State loophole-closing legislation should aim to “repatriate” the revenue lost to the loophole back to the states where “carried interest” investment fees were assessed.

The simple method: a state-level 19.6% “carried interest fairness fee” that makes up for the federal-level revenue loss, with the money going to fund essential in-state needs.

States with a lot of hedge fund and private equity managers can raise hundreds of millions or billions of dollars – and all states can raise something, merely by imposing tax fairness on an out-of-control loophole.

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HEDGE FUNDS RIG THE SYSTEM IN WASHINGTON, DC TO KEEP THEIR TAX BREAK

Congress won’t act – because hedge funds and private equity firms are using millions of dollars in lobbying and campaign cash to keep the loophole open.

Hedge funds and banks have spent millions of dollars in campaign cash and lobbying to protect their loopholes and special treatment, blocking action in Congress.[12]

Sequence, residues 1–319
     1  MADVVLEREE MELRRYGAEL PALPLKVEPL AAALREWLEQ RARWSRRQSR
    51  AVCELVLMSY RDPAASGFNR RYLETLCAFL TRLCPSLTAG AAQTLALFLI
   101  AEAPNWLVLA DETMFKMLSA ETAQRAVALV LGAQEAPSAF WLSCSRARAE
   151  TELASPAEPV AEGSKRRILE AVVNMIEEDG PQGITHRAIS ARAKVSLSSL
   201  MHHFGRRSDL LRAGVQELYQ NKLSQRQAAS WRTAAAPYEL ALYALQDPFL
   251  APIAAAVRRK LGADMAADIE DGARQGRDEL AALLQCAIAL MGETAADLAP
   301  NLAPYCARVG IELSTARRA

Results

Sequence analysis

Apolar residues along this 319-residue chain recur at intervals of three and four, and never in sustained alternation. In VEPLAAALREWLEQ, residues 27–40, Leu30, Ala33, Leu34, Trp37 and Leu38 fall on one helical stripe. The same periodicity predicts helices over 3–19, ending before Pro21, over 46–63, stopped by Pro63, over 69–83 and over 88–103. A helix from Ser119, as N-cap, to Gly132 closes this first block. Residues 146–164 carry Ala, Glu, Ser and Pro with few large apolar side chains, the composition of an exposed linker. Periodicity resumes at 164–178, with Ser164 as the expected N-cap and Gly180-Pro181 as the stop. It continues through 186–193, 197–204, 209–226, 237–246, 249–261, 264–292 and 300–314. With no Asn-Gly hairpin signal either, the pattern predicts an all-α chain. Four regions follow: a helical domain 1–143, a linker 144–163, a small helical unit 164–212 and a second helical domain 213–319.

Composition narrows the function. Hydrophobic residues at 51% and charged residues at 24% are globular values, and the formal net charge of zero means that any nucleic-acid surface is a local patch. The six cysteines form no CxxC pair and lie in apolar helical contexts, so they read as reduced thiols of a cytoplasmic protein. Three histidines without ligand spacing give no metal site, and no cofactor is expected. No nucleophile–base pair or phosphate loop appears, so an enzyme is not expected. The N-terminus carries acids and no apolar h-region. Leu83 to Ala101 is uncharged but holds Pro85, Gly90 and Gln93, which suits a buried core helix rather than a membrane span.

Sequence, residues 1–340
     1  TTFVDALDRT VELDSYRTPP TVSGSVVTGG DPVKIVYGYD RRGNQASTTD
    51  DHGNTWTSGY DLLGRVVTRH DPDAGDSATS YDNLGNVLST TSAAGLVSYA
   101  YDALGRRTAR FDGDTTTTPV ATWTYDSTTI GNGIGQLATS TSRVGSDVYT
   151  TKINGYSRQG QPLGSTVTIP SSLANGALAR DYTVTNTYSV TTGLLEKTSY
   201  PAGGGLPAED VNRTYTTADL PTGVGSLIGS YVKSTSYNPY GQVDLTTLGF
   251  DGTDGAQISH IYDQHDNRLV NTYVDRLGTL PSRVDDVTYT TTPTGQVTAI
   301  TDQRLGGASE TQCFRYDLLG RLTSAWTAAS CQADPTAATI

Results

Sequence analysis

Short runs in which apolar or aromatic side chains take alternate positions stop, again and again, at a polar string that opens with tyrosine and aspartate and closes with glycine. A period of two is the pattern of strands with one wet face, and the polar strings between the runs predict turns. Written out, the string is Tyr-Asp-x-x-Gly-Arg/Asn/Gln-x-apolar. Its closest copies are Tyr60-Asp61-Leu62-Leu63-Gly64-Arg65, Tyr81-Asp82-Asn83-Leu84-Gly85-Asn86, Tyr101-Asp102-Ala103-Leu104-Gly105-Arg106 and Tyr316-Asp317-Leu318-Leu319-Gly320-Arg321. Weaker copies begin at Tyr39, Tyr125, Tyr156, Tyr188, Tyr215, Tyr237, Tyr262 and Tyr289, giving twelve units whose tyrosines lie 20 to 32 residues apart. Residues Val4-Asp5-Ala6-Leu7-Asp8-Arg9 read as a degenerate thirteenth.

In last year’s elections, hedge fund and private equity managers were top givers to Senate Majority Leader Mitch McConnell, House Speaker Paul Ryan, and to leadership PACs and related Super PACs that kept Congress in the hands of conservative Republicans who have protected the carried interest loophole.

Tax bills originate in the House of Representatives. Hedge fund billionaires have taken care of themselves by taking care of top leadership there.

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House Speaker Ryan is the number-one recipient of hedge fund and private equity donations in the House, and hedge fund billionaire Singer is his number-one donor.[13]

Singer, Griffin, Asness and fellow hedge fund billionaires Julian Robertson, Dan Loeb, Stanley Druckenmiller, Leon Black and multimillionaire Thomas McInerney are all in the top 25 donors to the Paul Ryan Super PAC “Congressional Leadership Fund,” giving a total of $5,217,000.[14]

And the money flows on the Senate side as well — bigly.

Hedge fund and private equity billionaires Paul Singer, Ken Griffin, Stephen Schwarzman and Cliff Asness were among the top givers to McConnell’s PACs and Super PACs giving an astounding total of $8,479,425:  eight-and-a-half million dollars, just from the four of them.[15]